Cleansing Fire

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Marian Antiphons

July 19th, 2010, Promulgated by Gen

I have always enjoyed having “The Little Office of the Blessed Virgin Mary” as part of my private devotions. What really sets it apart as something beautiful and unique from other “little hours,” the Breviary, etc., is that the antiphons for each of the psalms, hymns, readings, and canticles reflect really beautiful imagery of what the Church teaches about Mary, and which She has professed since her earliest days. Over the coming days and weeks, I’d like to take a took at these antiphons, just to expose you to something you may or may not have ever experienced.

"Arise, my beloved, and come."

A large amount of these antiphons come from the Song of Solomon, considered to be the most overtly sexual of all the books of the Bible. When I first started reading these verses about “the king introducing me unto his bedchamber,” and being “black but beautiful,” I was a little confused. Why does the Church use such explicit imagery in association with the pinnacle of purity, that is, the Blessed Virgin? After some reading and “lectio divina,” I realized that it’s not talking about the love of a king and his maidens, but the love of God for His Church, and she who bore the Church’s divine spouse, Our Lord Jesus Christ. The passion of these verses fits perfectly with someone who, in our lingo, “won’t let the honeymoon die.” God’s love for the Church, as shown by His love for the BVM, is so great that our human experiences of ecstasy, either spiritual or physical, are made to look pathetic and shallow in comparison to His. With this in mind, let’s look at the first antiphon I’ve chosen for our contemplation, “Iam hiems.”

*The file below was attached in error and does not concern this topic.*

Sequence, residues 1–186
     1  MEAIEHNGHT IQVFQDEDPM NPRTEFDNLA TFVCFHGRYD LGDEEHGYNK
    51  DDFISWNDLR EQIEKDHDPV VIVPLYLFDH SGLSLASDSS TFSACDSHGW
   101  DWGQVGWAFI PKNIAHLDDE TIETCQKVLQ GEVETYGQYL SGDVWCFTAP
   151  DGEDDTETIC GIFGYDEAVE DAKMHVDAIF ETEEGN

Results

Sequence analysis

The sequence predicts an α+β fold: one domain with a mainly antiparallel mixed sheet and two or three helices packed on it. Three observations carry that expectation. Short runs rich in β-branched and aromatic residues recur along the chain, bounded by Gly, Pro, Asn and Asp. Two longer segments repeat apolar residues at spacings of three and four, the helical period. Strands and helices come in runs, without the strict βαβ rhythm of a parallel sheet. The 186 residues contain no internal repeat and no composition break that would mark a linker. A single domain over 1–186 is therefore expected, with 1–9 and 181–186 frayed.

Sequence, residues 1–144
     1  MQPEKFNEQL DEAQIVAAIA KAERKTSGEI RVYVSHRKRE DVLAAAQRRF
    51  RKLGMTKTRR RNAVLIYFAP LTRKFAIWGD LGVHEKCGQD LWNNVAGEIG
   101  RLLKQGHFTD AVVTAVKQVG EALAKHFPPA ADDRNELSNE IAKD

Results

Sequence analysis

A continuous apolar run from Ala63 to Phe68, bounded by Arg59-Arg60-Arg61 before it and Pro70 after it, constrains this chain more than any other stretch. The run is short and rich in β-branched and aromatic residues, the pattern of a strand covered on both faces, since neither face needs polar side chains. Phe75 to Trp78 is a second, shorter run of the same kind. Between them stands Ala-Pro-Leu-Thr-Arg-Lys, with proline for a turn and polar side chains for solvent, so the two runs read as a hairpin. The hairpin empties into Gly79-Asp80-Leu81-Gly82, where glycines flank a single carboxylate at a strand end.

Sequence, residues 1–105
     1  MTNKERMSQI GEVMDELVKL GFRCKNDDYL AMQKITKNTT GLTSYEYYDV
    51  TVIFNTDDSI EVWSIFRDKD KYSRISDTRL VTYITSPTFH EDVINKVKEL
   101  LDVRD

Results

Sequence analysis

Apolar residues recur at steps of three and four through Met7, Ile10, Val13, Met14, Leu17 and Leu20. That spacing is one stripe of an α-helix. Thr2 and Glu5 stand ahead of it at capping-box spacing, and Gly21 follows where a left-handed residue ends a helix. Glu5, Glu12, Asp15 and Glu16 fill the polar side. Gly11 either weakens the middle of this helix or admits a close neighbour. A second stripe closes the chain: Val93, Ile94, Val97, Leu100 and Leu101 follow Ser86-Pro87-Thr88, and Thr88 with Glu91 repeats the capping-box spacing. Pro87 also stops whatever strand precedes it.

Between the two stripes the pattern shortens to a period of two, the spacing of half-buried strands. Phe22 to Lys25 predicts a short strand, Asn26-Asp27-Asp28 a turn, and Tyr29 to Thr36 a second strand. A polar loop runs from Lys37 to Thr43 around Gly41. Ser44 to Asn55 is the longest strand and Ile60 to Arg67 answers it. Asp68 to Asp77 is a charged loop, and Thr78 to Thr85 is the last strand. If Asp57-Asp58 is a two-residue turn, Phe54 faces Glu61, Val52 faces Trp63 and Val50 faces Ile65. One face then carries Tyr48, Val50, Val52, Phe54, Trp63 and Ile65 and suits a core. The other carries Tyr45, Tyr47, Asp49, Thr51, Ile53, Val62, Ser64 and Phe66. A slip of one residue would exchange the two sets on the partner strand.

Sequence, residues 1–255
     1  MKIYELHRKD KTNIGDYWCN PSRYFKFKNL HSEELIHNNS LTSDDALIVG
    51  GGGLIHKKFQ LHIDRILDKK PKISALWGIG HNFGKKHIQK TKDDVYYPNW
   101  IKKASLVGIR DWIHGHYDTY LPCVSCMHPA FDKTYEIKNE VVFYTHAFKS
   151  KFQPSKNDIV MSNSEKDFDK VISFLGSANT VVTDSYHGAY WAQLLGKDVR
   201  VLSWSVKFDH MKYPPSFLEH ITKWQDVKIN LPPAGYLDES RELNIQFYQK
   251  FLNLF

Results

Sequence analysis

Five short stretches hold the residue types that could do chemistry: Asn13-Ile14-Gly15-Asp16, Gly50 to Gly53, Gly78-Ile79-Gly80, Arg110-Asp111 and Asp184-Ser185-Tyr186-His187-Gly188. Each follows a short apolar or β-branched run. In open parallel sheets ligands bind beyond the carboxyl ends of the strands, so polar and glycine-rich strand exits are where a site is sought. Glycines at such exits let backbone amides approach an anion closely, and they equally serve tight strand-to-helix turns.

Below are the Latin words and the English translation.

“Iam hiems transiit, imber abiit et recessit. Surge amica mea et veni.”
“The winter has passed, the rain is over and gone. Arise, my beloved, and come.”

When taken as a Marian antiphon, we should ask ourselves, “why is this being associated with Mary?” I have seen a few answers given to this question, the best being, in my opinion, the following:

“God, seeing the sad state of His creation, reaches down to it and deigns Mary the worthy mother of His Incarnate Word. He tells his beloved to rise, for now the winter of sin and death is passed, and the springtime of redemption descends for the salvation of the world.”

The thing I enjoy most about the Marian antiphons I’ll be sharing with you is the beautiful metaphors scattered throughout them. They may consist of only a few words, a sentence or two at most, but they are beautiful in their simplicity. But mind you, this is a simplicity which only appears to be simple – it is a humble facade of the most profound of mysteries, those dealing to our salvation and the redemption of the entirety of humanity.

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One Response to “Marian Antiphons”

  1. avatar Anonymous says:

    Thank you including one of favorite Annunciation paintings by the wonderful American painter Henry Ossawa Tanner.


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